The rotator cuff is a muscle coat that encloses the shoulder and with its four parts, is responsible for the movement and integrity of the glenohumeral joint. Tears mainly occur in the supraspinatus tendon [1, 2]. In common literature, the frequency of rotator cuff tears in anatomical studies varies between 17% and 72% [3, 4]. The appearance of a rotator cuff lesion is related to and increases with the patient' age [5]. In 1911, E. A. Codman published the first successful rotator cuff refixation after open repair of a supraspinatus tendon using silk sutures [6]. Compared to other injuries, rotator cuff tears show no tendency towards healing, so that operative surgery is necessary in most cases. Rerupture due to, osteoporoses, poor vascularization, degenerative changings such as atrophy and fatty degeneration of the muscle or the size of the original tear contribute to the high failure rate [79]. Because of this, there is strong clinical relevance towards methods which improve rotator cuff tendon healing. It was also shown that rotator cuff healing occurs by reactive scar formation rather than regeneration of a histologically normal insertion zone [10].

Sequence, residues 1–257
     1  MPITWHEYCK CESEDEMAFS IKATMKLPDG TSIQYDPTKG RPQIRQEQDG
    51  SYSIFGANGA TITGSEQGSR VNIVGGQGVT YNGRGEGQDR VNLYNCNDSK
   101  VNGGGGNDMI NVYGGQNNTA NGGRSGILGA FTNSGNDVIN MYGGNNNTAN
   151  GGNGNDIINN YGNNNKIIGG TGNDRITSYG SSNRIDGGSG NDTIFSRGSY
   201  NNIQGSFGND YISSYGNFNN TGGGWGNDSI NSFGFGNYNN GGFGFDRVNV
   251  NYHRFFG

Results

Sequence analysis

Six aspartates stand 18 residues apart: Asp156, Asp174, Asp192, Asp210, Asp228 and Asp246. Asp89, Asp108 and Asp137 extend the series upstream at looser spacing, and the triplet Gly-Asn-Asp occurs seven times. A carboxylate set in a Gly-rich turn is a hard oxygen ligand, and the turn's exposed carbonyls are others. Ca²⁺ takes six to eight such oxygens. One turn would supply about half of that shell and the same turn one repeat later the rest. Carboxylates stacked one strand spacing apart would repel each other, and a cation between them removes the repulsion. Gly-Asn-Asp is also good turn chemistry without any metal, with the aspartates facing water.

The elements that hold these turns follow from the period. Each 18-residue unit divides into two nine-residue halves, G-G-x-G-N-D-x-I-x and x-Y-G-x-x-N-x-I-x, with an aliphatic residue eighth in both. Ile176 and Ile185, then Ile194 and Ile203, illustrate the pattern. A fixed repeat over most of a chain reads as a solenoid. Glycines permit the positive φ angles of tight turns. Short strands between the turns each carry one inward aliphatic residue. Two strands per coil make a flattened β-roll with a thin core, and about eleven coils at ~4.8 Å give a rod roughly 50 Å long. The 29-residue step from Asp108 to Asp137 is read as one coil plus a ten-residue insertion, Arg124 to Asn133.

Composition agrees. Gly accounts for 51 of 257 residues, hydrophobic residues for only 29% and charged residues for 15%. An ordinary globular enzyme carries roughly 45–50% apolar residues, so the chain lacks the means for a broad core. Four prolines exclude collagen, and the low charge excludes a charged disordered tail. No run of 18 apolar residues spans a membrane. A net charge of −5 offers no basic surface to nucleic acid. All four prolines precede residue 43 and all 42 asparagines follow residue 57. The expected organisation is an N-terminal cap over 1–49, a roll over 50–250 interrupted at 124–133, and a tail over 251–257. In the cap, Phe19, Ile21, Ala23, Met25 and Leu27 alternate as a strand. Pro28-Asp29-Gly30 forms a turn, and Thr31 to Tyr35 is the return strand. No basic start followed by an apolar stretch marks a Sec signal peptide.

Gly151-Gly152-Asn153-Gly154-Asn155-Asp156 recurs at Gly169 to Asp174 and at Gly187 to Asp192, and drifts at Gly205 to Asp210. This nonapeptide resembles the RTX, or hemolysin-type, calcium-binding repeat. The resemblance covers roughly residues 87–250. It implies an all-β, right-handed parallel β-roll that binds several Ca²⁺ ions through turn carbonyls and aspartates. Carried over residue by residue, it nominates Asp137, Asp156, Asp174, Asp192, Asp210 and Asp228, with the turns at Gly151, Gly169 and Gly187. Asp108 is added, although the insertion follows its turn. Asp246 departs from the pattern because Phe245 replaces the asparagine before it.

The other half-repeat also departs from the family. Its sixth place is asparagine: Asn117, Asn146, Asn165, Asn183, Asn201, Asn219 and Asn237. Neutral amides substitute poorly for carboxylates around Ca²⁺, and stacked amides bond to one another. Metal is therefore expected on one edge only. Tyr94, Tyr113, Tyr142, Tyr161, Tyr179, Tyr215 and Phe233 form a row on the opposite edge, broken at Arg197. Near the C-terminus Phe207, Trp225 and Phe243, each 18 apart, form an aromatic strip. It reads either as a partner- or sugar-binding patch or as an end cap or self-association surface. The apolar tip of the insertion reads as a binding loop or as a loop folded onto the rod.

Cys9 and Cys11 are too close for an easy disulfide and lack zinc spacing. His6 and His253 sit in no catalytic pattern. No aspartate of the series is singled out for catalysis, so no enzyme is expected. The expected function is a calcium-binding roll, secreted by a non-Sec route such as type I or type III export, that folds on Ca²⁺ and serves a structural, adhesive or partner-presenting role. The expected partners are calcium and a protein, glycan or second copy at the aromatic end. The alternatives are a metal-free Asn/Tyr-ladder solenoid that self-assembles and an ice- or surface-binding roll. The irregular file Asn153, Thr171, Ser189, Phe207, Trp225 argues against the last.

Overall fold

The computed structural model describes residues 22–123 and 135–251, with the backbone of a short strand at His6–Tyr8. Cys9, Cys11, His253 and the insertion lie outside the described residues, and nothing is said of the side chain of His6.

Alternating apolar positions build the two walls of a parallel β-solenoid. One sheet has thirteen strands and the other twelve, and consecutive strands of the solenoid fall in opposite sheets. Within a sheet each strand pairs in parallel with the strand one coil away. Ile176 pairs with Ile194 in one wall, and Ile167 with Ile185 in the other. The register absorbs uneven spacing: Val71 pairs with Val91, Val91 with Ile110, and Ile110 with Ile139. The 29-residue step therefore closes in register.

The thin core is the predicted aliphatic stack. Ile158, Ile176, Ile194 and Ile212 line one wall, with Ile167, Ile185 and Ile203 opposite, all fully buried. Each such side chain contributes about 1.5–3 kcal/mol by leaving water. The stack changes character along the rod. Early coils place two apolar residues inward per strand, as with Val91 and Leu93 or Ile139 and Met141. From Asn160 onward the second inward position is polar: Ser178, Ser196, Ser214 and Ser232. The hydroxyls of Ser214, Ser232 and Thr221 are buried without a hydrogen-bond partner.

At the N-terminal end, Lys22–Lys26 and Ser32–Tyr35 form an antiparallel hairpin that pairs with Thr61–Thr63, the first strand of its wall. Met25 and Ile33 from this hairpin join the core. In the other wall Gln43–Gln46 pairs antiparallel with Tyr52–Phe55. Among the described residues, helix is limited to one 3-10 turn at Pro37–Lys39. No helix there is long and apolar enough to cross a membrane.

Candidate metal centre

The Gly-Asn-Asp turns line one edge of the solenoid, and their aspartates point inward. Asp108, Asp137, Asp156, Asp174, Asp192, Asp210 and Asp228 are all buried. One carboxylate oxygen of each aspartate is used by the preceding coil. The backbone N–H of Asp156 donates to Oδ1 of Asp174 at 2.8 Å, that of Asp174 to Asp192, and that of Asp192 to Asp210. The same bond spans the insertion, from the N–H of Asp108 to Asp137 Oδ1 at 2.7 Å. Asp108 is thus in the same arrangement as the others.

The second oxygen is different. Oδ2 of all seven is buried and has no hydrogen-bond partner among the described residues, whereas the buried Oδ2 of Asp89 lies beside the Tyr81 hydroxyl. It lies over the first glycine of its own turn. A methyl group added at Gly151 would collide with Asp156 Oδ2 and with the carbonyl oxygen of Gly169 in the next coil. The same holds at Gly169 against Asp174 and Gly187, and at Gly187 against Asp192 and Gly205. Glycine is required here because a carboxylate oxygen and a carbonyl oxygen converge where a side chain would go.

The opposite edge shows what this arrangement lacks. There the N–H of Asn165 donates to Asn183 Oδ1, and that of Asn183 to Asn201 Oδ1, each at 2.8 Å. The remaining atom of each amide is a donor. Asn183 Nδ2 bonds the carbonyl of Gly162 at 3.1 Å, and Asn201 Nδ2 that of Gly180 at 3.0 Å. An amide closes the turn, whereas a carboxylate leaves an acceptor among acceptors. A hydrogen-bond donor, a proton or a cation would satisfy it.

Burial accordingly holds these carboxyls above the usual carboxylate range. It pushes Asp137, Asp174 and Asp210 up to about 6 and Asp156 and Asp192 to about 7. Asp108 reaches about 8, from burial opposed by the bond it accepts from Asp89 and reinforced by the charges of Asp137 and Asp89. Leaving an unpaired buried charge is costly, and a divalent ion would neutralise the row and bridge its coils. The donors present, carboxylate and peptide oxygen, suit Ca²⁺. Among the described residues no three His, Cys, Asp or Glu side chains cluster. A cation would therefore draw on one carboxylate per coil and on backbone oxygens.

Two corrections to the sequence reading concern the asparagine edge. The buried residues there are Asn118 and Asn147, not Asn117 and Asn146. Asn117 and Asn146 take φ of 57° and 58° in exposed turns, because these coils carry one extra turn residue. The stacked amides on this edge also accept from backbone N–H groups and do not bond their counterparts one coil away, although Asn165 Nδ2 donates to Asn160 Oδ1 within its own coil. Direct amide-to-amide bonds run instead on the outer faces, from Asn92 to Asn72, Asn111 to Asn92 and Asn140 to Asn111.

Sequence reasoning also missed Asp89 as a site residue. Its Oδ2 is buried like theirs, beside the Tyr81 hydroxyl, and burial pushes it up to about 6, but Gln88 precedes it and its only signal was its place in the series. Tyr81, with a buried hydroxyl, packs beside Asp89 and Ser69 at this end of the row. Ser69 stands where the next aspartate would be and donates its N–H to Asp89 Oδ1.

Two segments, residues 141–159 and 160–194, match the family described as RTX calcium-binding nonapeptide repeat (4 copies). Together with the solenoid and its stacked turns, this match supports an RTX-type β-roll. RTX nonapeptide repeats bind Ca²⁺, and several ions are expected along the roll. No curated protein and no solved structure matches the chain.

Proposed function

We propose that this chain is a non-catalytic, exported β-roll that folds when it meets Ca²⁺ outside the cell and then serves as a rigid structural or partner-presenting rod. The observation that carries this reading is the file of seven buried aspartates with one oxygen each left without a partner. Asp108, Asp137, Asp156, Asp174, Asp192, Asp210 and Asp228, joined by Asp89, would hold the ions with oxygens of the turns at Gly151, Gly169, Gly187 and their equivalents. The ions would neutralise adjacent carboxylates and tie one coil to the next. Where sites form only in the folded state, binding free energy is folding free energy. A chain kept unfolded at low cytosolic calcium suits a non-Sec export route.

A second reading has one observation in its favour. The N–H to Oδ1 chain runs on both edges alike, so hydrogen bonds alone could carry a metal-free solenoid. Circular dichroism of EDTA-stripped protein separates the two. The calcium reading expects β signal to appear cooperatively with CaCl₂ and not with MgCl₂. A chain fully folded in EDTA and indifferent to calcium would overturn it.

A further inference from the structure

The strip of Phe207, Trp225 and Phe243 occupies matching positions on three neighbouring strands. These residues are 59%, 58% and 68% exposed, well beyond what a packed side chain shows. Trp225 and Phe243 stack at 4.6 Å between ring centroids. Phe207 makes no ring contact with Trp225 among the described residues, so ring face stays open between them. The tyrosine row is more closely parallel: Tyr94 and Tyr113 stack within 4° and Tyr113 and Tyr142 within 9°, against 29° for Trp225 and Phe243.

Tendons and ligaments are very similar connective tissue. They are an essential component of the musculoskeletal system. They provide stability and movement of joints. The strength of tendons and ligaments varies depending on anatomic request and condition and they are able to adapt to various conditions [11]. There are few specific biochemical markers known for tendons and ligaments [12, 13].